Tuesday, May 09, 2023 - 10:00am to Tuesday, May 09, 2023 - 12:00pm
NCS 220
Event Description

People who are blind and visually impaired (BVI) struggle to interact with even accessible computing applications since the user interfaces (UIs) of these applications are not tailored for usable and efficient content access with assistive technologies such as screen readers and screen magnifiers. This is unsurprising because usability - the ease with which BVI users can do tasks in applications - has received far less attention compared to accessibility in both research and developer communities. Even few existing research efforts targeting the usability of interfaces for BVI users have mostly limited their focus to web browsing, and as such little has been done for other important applications such as productivity tools. Moreover, these efforts have predominantly targeted blind screen reader users, whereas the usability issues of low vision screen magnifier users have been largely underexplored. Motivated by this dearth of usability-enhancing efforts, I developed custom augmentation techniques for improving applications' usability by dynamically extending their UIs with auxiliary interfaces that are especially tailored for either blind or low vision users. In an abstract sense, an auxiliary interface captures key segments in the corresponding application's UI, and then presents these segments in an alternative format that is conveniently and efficiently navigable with screen readers or screen magnifiers. The auxiliary interface also mitigates the need for BVI users to manually navigate to-and-fro between different segments in the application's UI (e.g., between document edit area and ribbon commands in a word processing application), thereby significantly lowering the BVI users' interaction effort and time to do the application tasks. In this thesis, I present three such custom augmentation techniques for each of the following everyday application scenarios: (i) accessing commands in productivity applications; (ii) perusing web data records; and (iii) comprehending informal social media content. For each scenario, I first uncovered application-specific user requirements, and then leveraged this acquired knowledge to design and develop a usable custom auxiliary interface.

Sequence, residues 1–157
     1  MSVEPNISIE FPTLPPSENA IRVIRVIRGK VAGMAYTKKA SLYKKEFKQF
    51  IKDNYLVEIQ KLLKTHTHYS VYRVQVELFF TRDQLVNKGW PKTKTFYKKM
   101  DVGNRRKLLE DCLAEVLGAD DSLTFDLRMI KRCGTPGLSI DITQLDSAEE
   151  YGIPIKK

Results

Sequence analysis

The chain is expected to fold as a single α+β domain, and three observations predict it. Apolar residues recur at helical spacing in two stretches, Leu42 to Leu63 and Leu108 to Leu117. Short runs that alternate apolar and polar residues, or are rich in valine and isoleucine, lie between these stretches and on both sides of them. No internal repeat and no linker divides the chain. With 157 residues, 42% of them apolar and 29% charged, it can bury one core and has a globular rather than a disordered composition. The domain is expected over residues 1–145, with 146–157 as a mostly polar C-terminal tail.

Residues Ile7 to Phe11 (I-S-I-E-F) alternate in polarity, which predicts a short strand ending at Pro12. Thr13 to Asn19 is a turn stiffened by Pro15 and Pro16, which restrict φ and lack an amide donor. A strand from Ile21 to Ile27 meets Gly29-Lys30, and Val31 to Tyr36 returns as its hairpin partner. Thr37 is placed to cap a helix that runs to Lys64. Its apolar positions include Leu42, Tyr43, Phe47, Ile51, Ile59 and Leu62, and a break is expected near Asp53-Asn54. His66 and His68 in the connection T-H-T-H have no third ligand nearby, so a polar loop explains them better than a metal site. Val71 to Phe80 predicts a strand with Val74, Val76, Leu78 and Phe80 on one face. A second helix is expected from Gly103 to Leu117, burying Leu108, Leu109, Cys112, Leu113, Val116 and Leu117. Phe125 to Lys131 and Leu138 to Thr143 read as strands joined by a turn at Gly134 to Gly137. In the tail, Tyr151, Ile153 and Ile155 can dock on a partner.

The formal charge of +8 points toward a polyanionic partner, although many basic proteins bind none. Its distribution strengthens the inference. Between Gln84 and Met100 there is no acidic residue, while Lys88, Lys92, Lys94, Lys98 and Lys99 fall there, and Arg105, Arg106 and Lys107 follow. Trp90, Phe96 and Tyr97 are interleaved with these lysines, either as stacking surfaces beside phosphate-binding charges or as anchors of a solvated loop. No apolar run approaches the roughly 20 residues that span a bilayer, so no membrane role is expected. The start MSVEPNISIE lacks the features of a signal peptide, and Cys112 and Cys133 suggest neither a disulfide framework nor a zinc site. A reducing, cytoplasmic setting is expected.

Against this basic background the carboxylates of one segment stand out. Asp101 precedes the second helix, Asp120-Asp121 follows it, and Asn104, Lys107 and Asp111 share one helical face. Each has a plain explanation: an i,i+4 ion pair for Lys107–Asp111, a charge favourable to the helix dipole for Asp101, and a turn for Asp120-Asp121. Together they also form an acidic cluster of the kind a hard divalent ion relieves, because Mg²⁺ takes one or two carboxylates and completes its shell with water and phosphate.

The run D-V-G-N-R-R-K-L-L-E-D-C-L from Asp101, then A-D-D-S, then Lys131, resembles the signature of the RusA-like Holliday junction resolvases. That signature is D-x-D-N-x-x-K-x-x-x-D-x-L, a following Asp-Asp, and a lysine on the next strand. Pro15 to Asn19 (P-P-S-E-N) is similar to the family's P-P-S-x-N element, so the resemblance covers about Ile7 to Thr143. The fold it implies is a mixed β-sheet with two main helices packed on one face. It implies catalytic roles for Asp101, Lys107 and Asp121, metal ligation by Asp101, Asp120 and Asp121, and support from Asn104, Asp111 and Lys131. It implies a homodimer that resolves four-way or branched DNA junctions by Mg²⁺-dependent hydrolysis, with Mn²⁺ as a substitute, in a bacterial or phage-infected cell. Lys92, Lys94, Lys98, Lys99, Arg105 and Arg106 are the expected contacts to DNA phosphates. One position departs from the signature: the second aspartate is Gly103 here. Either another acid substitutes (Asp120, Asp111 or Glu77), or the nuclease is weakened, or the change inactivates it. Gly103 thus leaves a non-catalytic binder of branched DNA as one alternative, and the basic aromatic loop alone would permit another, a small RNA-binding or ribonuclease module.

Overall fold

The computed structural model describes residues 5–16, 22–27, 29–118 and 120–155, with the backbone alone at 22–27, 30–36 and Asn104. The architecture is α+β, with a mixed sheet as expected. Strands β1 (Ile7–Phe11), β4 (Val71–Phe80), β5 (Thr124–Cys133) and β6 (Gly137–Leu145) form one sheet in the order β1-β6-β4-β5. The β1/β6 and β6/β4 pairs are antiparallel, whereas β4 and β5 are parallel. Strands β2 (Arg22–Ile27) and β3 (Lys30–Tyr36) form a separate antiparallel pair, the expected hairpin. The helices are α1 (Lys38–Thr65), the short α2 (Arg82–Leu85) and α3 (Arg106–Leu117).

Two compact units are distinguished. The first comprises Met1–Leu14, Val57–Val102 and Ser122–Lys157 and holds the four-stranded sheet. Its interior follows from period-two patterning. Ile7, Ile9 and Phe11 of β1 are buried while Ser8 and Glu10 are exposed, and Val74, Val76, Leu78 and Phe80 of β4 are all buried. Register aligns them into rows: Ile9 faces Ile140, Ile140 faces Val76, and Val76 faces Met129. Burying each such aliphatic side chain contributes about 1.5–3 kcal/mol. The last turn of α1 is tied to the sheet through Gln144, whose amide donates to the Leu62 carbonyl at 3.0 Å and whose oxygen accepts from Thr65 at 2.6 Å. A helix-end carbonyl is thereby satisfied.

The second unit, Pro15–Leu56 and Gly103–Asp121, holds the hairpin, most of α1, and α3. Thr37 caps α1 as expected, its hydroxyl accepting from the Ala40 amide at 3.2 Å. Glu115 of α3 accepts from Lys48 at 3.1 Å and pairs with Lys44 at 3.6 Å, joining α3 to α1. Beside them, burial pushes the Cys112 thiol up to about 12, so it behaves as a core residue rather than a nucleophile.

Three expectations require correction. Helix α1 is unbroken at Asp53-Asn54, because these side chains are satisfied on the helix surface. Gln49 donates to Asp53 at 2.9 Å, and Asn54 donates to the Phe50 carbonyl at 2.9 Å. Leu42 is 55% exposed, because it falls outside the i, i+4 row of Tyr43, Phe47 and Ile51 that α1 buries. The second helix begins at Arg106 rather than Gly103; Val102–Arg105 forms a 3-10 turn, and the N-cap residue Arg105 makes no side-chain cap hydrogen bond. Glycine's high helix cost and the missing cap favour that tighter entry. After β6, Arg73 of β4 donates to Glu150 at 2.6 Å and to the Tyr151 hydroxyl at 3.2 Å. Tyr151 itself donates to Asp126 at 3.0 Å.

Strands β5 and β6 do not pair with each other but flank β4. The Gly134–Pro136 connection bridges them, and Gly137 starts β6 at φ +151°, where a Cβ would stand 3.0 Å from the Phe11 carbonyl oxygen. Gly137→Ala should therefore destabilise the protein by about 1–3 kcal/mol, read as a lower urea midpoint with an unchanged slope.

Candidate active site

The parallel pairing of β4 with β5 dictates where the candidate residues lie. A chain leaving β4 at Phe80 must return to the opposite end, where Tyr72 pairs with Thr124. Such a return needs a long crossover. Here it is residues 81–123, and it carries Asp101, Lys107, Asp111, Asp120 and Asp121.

Event Title
Ph.D. Thesis Defense: Hae-Na Lee, 'Enhancing the Usability of Computer Applications for People with Visual Impairments via UI Augmentation'